With all the excitement over Photoshop’s Generative Fill Capabilities you’d think that these tools would do a great job at replacing a boring sky. But one of our favorite image-editing instructors says that Generative Fill fails miserably at this common task.
Instructor Anthony Morganti has been exploring Generative Fill since it was available in beta. In this episode he explains how to use Photoshop’s conventional sky replacement tools after demonstrating why Generative Fill does such a “horrible” job—even if all you’re trying to do is add clouds to an existing sky.
Morganti pulls up several landscape photos to illustrate his points, just in case you haven’t tried using Generative Fill for this particular purpose. While it’s really easy to do, the results are very disappointing. And here’s the weird thing: The more precise you are in typing a prompt, the worse job Generative Fill does.
In Morganti’s first try the clouds don’t look too bad, but the land on the horizon is pretty screwed up in all three variations he received. After multiple attempts with different prompts, here’s Morganti’s conclusion: “You can do this forever and you will not get anything that looks halfway decent. Trust me on that.” Ouch!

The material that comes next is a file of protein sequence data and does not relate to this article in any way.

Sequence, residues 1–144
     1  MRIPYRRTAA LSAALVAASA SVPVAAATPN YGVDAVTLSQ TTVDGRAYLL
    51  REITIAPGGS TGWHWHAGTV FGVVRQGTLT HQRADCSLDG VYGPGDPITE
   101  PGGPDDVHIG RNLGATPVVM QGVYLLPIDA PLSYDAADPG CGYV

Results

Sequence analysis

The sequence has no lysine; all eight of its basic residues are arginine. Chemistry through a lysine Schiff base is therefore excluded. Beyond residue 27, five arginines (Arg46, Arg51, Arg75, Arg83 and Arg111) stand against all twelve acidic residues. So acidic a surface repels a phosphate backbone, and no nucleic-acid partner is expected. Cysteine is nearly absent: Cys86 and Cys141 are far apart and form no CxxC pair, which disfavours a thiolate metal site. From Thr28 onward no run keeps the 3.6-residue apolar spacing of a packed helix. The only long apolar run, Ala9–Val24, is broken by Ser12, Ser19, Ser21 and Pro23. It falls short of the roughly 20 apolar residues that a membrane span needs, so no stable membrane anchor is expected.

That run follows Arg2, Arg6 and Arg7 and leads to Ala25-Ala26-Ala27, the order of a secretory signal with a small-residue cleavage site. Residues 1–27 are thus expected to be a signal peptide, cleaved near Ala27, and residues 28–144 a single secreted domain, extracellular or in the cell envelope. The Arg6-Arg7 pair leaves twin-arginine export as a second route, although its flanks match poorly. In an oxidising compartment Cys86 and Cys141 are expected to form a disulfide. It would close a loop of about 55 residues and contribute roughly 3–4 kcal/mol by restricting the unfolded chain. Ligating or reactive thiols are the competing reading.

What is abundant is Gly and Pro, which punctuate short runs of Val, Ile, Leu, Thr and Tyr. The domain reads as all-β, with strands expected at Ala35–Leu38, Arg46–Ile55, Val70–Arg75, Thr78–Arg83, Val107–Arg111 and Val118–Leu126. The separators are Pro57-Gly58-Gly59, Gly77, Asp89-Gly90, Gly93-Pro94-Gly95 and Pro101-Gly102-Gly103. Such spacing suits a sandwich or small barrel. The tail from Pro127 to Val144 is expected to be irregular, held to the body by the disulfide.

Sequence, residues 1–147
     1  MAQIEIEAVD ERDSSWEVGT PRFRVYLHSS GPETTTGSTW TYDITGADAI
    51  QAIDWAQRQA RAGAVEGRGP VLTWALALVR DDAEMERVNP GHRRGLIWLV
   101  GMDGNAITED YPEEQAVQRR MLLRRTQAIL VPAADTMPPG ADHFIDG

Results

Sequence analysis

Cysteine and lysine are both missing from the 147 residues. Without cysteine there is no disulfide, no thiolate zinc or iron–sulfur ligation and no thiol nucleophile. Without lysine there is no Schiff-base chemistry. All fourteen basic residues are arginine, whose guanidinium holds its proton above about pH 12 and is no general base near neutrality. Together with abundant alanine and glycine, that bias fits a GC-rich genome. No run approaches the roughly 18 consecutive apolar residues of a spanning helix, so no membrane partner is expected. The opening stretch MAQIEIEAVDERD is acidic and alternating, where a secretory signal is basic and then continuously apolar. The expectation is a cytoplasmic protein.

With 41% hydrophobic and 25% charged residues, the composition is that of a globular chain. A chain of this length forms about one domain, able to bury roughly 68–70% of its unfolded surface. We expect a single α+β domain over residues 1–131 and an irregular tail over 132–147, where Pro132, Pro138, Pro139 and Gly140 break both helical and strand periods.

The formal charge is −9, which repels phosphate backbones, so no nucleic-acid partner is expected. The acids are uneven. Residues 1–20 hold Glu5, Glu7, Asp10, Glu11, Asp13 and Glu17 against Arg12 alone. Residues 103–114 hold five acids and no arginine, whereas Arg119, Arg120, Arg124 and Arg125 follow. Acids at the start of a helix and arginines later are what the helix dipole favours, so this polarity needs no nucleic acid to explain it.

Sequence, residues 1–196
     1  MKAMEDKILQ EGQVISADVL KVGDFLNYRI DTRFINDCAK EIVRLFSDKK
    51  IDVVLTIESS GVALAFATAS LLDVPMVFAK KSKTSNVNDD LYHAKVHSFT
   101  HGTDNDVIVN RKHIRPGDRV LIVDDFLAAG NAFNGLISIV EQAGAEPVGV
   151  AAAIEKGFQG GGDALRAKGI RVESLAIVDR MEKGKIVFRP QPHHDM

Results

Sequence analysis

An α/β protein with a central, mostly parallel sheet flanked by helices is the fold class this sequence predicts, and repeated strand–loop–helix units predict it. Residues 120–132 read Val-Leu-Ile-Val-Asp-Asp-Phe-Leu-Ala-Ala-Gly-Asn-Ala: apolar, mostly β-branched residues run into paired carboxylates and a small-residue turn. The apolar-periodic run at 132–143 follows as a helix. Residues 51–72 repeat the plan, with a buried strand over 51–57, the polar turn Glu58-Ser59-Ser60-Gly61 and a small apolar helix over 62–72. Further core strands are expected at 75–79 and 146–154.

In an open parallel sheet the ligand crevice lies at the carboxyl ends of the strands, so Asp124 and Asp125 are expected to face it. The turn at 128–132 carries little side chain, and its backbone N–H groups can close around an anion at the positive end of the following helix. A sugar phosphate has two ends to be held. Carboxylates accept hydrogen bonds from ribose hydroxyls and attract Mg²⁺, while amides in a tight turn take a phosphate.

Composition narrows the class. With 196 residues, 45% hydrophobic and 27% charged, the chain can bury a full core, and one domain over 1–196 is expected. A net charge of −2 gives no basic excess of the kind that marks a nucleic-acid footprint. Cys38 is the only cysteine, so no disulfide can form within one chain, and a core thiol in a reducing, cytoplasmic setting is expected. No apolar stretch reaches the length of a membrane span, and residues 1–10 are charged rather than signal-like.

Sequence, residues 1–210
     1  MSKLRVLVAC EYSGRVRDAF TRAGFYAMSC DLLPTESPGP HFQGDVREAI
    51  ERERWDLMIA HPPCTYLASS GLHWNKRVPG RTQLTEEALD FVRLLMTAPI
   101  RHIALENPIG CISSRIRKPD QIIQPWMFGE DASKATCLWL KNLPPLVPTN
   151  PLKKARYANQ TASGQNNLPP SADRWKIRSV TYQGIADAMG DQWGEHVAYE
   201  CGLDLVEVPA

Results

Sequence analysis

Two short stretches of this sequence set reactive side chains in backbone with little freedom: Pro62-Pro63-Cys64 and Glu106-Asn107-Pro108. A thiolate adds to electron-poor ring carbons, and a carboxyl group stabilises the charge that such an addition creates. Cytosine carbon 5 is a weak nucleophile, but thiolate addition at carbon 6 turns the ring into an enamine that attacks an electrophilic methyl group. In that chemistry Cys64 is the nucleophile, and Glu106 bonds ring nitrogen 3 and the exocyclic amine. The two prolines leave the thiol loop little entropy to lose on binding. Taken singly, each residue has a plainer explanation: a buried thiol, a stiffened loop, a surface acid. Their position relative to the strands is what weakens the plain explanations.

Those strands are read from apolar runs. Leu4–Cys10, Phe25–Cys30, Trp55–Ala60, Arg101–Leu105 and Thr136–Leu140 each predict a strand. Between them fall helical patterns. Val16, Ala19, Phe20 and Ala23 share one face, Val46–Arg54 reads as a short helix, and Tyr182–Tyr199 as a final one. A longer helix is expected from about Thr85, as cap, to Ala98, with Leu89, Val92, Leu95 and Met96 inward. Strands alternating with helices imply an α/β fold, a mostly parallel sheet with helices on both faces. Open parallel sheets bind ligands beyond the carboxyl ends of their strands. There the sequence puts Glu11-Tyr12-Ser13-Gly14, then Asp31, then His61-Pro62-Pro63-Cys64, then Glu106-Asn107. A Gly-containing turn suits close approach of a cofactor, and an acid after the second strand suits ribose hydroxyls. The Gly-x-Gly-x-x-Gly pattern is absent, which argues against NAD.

The bottom line is this: If your goal is to replace a dull, boring sky in Photoshop, you need to understand the conventional method for getting the job done without Generative Fill, and Morganti walks you through a straightforward method for achieving realistic and impressive results. He returns to the original image and walks you through the step-by-step process.
As you’ll see, Photoshop does offer a standard sky replacement tool that is found by clicking the Edit tab atop the screen and choosing the Sky Replacement option in the dropdown menu that appears. Then you see a number of sky categories built into Photoshop, including Blue Skies, Spectacular Skies, and Sunsets. When you select one of these, you’ll be presented several options to further refine the look you create.
Morganti chooses Seriously Stormy Skies for his first transformation, explaining why selecting a sky that matches the light in your original photograph is the key to a natural looking swap. You’ll want to pay close attention to the quality, direction, and the color of the light.
One you’ve placed the new sky it’s easy to uses simple sliders to make adjustments to all of the important parameters. For his first example Morganti simply increases brightness and modifies Temperature for a warmer effect. Take a look at what he achieves and compare it to what Generative Fill provided and you’ll be convinced.
Morganti uses this conventional method with a few other images to demonstrate the superiority of this simple approach. In all cases the final images look really great. You can find more editing tips and tricks by on Morganti’s popular YouTube channel, so be sure to take a look.
We also recommend watching the tutorial we posted recently from another imaging-editing who explains why Adobe’s DNG file format delivers the power of Raw without any complications.